Social media and social good can feed each other, we've just got to get our priorities straight. Alarmingly, it seems Australians are looking out for themselves more than ever with findings revealing we would rather spend time on social media than be of service to the community. And it appears Queenslanders are the worst with only 27 per cent of Queenslanders now volunteering their time to help neighbours and friends compared to 31 per cent of all Australians. This is a drop of 5 per cent in the last four years.This sad fact is amongst many of the new findings according to the latest ABS social survey.
Australians are also less likely to get involved with team sports, clubs and community organisations because of the increasing uptake and reliance on social media as a substitute for this social interaction. The data also reveals we're more likely to put ourselves first over serving others.
What's devastating about this trend is that it shows becoming more insular than ever. The truth is, it doesn't matter how many new apps hit the market to make connecting easier, nothing replaces the value of face-to-face contact with others.
How can we make sure that we do not fall prey to the lure of social media over displaying real and meaningful acts of citizenship?
These are two of the biggest trends impacting business today – social media and social responsibility, and how we respond to them has a significant bearing on our business success.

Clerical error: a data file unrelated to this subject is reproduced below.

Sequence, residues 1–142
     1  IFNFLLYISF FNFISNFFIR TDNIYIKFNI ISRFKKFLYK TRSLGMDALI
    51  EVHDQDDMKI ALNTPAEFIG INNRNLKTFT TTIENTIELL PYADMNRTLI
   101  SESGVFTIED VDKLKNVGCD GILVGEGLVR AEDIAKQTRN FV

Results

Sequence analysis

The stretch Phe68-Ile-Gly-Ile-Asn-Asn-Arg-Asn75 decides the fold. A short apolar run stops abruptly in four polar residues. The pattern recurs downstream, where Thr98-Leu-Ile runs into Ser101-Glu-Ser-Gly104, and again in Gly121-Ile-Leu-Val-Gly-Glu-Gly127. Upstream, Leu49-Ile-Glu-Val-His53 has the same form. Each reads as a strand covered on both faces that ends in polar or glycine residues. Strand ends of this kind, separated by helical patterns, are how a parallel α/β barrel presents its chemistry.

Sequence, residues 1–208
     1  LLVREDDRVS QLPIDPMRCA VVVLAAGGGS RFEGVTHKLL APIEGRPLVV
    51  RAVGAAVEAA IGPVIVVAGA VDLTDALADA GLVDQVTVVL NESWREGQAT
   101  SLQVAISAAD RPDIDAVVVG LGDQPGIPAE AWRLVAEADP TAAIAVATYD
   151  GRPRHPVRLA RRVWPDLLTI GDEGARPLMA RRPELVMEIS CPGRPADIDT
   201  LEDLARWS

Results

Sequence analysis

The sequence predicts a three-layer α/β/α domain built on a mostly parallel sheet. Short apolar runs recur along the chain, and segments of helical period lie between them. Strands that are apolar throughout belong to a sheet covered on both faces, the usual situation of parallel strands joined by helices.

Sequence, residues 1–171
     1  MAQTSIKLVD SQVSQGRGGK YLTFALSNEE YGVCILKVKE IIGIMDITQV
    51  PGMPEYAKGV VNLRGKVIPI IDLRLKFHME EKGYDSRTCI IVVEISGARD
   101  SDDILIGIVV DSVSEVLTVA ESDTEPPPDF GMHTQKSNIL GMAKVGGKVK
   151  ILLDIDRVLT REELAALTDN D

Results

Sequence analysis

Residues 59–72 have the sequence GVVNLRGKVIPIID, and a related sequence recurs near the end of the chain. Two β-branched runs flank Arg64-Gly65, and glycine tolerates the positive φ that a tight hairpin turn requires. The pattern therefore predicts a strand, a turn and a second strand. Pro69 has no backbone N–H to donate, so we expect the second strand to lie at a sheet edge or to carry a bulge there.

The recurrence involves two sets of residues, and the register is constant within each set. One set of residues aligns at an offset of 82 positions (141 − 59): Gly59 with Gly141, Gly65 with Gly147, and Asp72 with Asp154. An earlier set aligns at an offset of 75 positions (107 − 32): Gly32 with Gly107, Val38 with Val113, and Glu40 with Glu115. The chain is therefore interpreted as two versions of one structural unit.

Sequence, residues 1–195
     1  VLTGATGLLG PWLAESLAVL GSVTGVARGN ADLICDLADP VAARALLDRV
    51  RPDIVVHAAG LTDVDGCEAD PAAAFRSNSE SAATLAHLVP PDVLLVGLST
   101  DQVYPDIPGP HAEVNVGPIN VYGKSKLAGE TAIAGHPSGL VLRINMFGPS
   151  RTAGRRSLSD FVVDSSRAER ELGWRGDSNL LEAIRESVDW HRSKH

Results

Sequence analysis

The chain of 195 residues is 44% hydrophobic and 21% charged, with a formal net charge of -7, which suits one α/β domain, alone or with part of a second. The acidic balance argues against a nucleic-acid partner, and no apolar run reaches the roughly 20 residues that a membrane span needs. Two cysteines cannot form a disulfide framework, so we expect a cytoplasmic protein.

What we need to do in this hyper-transparent, hyper-connected world of ours is change the focus of marketing from creating campaigns that benefit ourselves to building relationships with community groups that improve the lives of many.
What we need to do is develop strategic partnerships that address the issues people care about. We need to put social media to good use and champion the efforts of our community groups and their legion of volunteers who give their time to create a better future for us all. When we empower our partners through our corporate brand power, when we sponsor their activities and reinforce our support with an old-fashioned hand shake, then we can say we're playing a meaningful role in the community.
Funnily enough, when we embrace our duties to deliver acts of corporate citizenship, it fuels our social media fire. One purpose serves another and everyone wins.
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